NEW YORK (CBSNewYork) — New York City Council legislation aims to tackle racial and gender equity in health care.
From patient care to employees’ experiences, councilmembers want to hold hospitals accountable, CBS2’s Aundrea Cline-Thomas reported Thursday.
“I trained at Harvard and at Montifiore and always wanted to do HIV primary care and, basically, just serve my community,” said Dr. Stella Safo, one of eight plaintiffs in a discrimination lawsuit against Mount Sinai Health System.
Safo says she was called derogatory names and retaliated against for speaking up.
“What I experienced at Mount Sinai made me question if I was going to stay in medicine at all,” Safo said.
Similar stories of hostile work environments at hospitals across the city prompted the creation of new city council legislation.
One would require the Department of Health to create an advisory board to study racial and gender discrimination in hospitals and its impact on patient care and workplace conditions for the staff.
The second calls on New York State to require implicit bias training at medical schools.
Councilwoman Helen Rosenthal is a lead sponsor of both.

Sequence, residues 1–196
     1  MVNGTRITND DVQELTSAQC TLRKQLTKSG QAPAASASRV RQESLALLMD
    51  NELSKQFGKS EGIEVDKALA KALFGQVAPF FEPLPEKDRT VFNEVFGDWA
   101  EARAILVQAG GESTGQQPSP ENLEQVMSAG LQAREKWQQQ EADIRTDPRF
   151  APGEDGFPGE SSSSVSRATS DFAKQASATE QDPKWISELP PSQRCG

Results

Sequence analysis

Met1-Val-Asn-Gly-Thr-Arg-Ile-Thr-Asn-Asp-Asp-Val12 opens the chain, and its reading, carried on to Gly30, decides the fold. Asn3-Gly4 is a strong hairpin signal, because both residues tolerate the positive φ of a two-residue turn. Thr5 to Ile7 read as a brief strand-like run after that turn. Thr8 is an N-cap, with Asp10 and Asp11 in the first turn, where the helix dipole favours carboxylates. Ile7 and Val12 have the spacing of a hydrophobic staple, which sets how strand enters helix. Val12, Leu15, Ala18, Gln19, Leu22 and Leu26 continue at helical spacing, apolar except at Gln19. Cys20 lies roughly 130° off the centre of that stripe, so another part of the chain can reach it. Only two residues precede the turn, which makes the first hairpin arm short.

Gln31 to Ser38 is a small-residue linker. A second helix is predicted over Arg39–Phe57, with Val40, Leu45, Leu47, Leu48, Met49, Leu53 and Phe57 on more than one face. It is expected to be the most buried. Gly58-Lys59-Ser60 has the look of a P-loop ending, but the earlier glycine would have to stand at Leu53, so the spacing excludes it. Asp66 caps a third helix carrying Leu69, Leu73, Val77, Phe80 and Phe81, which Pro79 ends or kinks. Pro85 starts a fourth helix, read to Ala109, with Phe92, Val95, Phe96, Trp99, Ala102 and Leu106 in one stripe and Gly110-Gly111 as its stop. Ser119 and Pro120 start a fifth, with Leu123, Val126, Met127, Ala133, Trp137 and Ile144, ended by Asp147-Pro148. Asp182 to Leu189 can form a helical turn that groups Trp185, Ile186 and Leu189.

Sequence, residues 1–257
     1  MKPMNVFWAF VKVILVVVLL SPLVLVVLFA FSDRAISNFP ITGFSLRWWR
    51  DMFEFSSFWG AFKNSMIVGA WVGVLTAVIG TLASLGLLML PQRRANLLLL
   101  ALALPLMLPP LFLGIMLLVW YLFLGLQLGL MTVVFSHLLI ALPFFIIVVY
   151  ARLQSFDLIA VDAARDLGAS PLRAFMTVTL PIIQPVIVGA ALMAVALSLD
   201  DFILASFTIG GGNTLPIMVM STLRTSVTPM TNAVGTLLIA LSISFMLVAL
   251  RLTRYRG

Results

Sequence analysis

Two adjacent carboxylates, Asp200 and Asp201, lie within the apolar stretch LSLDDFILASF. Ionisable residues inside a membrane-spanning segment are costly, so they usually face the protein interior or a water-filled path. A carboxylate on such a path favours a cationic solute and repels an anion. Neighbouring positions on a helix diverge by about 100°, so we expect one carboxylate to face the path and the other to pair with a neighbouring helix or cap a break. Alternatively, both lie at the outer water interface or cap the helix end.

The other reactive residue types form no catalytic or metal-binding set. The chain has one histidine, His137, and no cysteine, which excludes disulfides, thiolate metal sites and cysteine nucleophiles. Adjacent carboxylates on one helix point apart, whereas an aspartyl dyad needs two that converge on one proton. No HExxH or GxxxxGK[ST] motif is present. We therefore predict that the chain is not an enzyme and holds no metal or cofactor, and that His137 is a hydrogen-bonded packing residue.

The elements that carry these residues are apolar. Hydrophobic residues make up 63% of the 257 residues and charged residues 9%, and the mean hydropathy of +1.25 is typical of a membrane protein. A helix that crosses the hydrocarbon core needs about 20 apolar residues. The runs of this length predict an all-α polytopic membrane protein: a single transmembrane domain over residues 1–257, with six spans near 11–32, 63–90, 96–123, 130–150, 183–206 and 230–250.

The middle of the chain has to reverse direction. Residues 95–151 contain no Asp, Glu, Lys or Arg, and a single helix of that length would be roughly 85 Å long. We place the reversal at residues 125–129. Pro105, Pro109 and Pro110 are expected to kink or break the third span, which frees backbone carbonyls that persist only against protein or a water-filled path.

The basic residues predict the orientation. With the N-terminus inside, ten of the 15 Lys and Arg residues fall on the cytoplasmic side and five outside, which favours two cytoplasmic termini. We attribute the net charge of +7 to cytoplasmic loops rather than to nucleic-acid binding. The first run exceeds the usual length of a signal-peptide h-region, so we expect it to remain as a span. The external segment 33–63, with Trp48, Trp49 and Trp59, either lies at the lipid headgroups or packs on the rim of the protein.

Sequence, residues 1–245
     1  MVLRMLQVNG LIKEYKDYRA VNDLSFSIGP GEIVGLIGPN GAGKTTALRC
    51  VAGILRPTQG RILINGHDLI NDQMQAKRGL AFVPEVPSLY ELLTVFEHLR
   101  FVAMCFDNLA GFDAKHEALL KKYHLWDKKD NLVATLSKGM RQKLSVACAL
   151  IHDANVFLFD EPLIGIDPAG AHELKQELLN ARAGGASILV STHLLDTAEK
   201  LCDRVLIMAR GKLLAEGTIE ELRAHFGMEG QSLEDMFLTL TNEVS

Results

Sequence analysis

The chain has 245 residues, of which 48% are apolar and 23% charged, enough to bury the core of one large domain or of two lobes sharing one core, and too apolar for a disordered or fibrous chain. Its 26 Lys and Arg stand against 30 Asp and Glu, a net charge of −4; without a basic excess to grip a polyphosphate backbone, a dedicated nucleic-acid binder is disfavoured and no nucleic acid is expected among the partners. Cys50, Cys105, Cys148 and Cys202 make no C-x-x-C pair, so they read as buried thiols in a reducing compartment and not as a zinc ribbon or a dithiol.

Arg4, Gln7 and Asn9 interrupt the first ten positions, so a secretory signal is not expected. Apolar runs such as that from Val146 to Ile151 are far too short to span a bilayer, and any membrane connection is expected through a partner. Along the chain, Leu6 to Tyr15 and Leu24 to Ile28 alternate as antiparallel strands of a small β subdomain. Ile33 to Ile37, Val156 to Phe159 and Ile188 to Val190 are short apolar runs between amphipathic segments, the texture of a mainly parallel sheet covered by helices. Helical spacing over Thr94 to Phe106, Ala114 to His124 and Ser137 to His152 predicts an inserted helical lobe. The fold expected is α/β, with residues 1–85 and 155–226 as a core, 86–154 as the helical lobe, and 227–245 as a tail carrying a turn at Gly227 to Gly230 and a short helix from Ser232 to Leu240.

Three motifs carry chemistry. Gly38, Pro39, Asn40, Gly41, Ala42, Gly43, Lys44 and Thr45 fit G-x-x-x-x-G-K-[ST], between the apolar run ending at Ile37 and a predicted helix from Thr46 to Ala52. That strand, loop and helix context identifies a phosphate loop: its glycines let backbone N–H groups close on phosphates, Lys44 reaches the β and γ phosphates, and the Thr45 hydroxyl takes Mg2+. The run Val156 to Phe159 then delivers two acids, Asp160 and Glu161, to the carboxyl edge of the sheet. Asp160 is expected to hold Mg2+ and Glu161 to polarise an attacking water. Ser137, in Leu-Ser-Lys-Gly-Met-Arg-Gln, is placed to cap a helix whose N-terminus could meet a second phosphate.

“Better health outcomes depend on rooting out systemic racism and misogyny in the health care system,” Rosenthal said.
The advisory council will be made up of more than one dozen members. While the group can only make recommendations, supporters say making their findings public will lead to changes.
“They do not want their dirty laundry aired,” said Dr. Natasha Anu Anandaraja, a pediatric physician. “But just the act of putting in place safe, independent reporting systems can create a whole shift.”
They hope an annual checkup will lead to more accountability and better outcomes for patients.
A spokesperson for Mount Sinai sent CBS2 the following statement:
The Mount Sinai Health System wholeheartedly agrees that discrimination and harassment does not belong in any workplace whatsoever.
They did not comment on the allegations made in the discrimination lawsuit.